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See below for a selection of the latest books from Investment & securities category. Presented with a red border are the Investment & securities books that have been lovingly read and reviewed by the experts at Lovereading. With expert reading recommendations made by people with a passion for books and some unique features Lovereading will help you find great Investment & securities books and those from many more genres to read that will keep you inspired and entertained. And it's all free!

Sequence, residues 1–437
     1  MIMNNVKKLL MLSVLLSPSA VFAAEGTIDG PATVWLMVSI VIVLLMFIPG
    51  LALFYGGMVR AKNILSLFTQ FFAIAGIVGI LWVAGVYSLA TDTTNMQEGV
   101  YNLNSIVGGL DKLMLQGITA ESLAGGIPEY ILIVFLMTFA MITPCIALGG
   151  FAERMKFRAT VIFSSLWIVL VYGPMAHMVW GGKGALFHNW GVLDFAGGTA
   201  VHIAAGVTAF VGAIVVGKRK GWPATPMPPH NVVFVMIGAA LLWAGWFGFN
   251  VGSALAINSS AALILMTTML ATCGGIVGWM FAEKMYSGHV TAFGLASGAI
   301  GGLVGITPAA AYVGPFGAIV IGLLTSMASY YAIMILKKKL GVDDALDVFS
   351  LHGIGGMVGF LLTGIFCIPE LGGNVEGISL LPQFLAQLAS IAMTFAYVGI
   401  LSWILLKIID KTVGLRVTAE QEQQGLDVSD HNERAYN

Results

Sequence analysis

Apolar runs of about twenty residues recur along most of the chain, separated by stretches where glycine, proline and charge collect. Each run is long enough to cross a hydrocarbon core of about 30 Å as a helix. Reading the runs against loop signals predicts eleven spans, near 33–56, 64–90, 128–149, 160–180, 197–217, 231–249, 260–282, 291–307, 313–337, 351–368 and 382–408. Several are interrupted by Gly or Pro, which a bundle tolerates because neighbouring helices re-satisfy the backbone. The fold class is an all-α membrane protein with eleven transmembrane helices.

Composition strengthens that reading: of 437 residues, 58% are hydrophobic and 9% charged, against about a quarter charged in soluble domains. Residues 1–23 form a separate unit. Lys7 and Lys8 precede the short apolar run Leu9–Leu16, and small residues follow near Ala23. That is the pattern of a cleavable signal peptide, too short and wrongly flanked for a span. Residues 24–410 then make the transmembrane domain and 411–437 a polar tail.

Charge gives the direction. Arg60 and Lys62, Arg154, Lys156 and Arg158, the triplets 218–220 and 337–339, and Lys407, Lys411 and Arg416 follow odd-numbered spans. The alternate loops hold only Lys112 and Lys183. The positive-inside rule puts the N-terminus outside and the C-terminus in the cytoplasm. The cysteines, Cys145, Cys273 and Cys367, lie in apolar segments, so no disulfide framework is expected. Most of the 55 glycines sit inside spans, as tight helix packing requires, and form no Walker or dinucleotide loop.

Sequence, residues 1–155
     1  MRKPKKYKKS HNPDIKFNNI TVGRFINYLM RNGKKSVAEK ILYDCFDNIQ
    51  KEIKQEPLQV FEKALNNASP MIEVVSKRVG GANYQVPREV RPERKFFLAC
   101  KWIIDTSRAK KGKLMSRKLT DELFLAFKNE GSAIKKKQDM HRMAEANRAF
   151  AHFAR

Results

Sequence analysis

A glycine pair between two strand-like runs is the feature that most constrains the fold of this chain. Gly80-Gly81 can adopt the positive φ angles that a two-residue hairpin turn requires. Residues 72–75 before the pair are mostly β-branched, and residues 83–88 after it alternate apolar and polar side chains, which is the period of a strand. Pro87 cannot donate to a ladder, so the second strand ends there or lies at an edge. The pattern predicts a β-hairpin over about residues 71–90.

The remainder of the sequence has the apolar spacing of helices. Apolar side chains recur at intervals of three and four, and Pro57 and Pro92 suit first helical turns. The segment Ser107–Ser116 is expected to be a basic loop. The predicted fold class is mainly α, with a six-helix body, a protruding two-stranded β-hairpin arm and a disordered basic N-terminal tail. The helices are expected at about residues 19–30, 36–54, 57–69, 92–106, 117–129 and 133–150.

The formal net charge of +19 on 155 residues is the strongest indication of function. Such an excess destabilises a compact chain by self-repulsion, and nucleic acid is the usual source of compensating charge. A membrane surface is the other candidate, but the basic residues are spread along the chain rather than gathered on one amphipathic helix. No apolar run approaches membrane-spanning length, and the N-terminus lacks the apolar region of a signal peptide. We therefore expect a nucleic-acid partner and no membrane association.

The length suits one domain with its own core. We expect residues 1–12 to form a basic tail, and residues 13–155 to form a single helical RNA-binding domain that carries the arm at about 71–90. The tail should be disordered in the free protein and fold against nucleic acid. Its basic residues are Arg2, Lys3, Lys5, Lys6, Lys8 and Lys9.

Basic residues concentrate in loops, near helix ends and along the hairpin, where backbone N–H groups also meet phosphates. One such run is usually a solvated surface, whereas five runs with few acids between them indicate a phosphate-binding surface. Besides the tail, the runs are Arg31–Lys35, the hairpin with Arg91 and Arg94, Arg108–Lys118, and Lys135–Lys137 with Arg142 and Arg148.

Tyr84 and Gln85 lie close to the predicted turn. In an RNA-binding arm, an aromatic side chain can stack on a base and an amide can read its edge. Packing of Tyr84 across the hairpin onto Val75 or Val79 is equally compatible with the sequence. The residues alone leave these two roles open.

The book contains a selection of recently revised papers that have initiallybeen presented at two different meetings of the EURO Working Group on Financial Modelling. The papers related to the microstructure of capital markets provide evidence that the price dynamics of financial assets can on- ly be explained - and modelled - on the basis of a careful examination of the decision process which leads traders to interact and fix the equilibrium prices. The papers by Pec- cati, Luciano, Ferrari and Cornaglia belong to this catego- ry, and help considerably unterstand the performance of mar- kets which are relatively far from perfection (owing to thinness, frictions, taxation and the like). This is indeed the case for some European Exchanges. The very foundations of quantitative financial analysis have been discussed in the contributions of Luciano, Canestrelli, Uberti and Van der Meulen. The classical - although recent - advances on the pricing of derivative securities have been analyzed and applied by Kremer, Hallerbach and Jensen/Niel- son, thus demonstrating that established theories still pro- vide space for a deeper investigation. Another major topic of interest relates to empirical studies about how markets behave with respect to theoretical models. In this respect, the contributions of Viren, Bradfield and Wilkie/Pollock are quite significant. They present evidence based on real data discussed in the light of advanced stati- stical techniques. It is apparent that Corporate Finance and Capital Markets are becoming more and more related and in- teractingwith each other.